Geriatrics may be a ‘stealth’ family-friendly profession
It’s no secret that while the entire nursing home industry has a labor problem, there is significant concern over whether enough geriatricians are entering the field.
The United States needs to start training about 1,600 geriatricians per year for the next decade in order to keep up with demand, one estimate posited. There are currently around 7,300 board-certified geriatricians, leading some lawmakers to propose funding around the shortage.
The New York Times, somewhat inadvertently, may have found a solution. It focused a recent article regarding how “medicine has become a stealth family-friendly profession.” It leads with a chief resident on track to become an oncologist when she found out she was expecting twins. She opted for internal medicine and geriatrics instead.
Both geriatricians Michael Wasserman, M.D., and Cari Levy, M.D., Ph.D., in interviews with me yesterday, agreed that a secret weapon in recruiting more geriatricians, especially those working in nursing homes, is to emphasize its flexibility. That’s music to the ears of many working parents.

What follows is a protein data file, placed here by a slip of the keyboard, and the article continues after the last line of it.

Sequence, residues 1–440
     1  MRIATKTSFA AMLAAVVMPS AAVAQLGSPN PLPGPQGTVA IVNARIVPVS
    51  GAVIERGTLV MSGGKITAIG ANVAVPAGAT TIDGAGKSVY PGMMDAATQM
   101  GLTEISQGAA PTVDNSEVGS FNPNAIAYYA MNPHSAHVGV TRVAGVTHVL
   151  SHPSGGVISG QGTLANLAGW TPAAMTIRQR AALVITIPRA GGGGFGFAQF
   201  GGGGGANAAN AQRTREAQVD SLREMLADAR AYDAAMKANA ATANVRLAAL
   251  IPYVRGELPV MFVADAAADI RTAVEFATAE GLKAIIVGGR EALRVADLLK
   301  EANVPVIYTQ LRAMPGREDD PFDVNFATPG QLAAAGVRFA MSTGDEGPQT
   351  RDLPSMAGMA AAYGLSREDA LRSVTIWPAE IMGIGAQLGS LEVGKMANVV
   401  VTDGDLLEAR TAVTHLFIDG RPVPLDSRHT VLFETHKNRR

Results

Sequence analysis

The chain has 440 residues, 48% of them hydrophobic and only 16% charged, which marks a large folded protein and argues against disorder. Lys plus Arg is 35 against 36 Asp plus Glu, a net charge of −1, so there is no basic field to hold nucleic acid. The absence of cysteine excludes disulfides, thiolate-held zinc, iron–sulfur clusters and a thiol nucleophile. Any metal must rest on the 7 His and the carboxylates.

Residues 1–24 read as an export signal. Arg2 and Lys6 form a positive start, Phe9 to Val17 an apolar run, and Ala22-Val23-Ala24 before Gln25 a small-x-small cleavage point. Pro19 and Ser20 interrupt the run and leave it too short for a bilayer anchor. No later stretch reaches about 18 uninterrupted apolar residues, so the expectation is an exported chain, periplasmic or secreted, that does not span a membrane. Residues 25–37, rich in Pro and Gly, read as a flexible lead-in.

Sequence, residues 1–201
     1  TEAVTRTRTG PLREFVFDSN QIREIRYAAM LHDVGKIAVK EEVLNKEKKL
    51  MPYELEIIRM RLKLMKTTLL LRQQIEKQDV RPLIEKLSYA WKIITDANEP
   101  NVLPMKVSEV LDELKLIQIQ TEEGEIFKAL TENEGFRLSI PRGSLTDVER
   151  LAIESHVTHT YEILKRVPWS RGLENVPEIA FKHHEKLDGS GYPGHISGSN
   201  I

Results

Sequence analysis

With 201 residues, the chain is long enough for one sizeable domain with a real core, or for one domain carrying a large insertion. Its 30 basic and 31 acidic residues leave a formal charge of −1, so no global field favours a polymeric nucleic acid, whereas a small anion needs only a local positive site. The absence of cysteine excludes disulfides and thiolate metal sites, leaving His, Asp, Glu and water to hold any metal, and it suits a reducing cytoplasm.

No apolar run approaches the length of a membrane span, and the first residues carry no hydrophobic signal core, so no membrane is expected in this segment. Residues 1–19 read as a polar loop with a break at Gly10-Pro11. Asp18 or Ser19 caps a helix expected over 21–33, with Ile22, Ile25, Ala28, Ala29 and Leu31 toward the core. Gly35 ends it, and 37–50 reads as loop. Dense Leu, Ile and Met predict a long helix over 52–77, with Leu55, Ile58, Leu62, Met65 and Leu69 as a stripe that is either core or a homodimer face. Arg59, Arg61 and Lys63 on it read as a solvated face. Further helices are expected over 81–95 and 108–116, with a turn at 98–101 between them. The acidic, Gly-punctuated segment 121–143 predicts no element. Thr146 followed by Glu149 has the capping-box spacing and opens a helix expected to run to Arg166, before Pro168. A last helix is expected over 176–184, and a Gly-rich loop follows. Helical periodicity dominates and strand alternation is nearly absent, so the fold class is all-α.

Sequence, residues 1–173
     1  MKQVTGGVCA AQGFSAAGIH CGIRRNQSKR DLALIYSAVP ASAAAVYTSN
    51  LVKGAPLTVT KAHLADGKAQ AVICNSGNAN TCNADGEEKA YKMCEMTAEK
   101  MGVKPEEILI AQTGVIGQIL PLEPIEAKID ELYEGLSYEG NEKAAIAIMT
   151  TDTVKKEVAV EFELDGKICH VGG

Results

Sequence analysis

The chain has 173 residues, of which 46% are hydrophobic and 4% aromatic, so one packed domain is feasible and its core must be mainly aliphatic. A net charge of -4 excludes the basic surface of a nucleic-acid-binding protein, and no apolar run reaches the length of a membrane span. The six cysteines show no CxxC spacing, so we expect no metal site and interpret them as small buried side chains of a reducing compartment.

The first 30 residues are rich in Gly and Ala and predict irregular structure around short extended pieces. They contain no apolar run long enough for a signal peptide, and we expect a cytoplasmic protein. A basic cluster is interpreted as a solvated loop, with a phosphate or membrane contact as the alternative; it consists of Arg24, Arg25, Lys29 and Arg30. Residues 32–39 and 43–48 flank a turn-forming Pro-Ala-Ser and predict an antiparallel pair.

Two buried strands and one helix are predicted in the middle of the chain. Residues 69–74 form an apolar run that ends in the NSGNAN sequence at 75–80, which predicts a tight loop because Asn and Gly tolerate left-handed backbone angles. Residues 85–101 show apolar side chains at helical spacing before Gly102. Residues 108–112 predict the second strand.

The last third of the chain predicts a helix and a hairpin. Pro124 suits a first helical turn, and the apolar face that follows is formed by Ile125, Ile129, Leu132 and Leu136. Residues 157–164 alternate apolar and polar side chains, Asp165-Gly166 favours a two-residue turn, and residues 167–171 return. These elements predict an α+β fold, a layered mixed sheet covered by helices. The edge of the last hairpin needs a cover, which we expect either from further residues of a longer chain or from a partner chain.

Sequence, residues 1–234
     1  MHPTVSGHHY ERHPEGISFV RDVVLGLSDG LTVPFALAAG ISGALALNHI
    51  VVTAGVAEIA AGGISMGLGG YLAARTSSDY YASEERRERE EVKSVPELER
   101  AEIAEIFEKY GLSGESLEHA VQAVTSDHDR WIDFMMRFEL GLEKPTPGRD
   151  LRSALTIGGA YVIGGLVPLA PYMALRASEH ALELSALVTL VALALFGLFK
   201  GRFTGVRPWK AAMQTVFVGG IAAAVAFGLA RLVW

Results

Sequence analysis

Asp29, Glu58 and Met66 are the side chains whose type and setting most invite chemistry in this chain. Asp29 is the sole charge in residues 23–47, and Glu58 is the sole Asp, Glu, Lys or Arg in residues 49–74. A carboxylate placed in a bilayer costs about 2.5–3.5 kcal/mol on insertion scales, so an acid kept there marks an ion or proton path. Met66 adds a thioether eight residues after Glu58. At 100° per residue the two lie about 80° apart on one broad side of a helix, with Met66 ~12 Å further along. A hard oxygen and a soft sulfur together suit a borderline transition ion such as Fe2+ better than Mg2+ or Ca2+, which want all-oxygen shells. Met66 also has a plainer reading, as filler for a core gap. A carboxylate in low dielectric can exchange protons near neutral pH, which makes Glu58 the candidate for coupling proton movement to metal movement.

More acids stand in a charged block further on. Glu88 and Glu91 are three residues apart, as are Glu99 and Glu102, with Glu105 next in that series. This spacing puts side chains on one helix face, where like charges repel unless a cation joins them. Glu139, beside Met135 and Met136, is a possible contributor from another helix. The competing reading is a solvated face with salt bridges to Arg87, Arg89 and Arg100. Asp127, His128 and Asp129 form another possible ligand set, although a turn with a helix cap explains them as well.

“When it comes to post-acute and long-term care, you don’t have anyone in the waiting room,” Wasserman told me. “It’s easier to have more flexibility.”
He also said many women often have had their own caregiving experience, which may lead to an empathy with families and residents.
“It lends itself in a way to focus on expanding the field,” he says. “We need fewer physicians who go into long-term care because they think it’s a way to make money that doesn’t involve as much work. We need more folks who go into it because they care, but also want to find a lifestyle that works.”
Levy, the president of The Society for Post-Acute and Long-Term Medicine (AMDA), said she’s talked up nursing home medicine for years to medical students and residents because of its flexibility. Nursing home physicians often can set their own schedules, and also have no office overhead.
“I had a colleague who had eight children and she would get them all off to school and go see patients,” Levy said. “She’d go back at night.”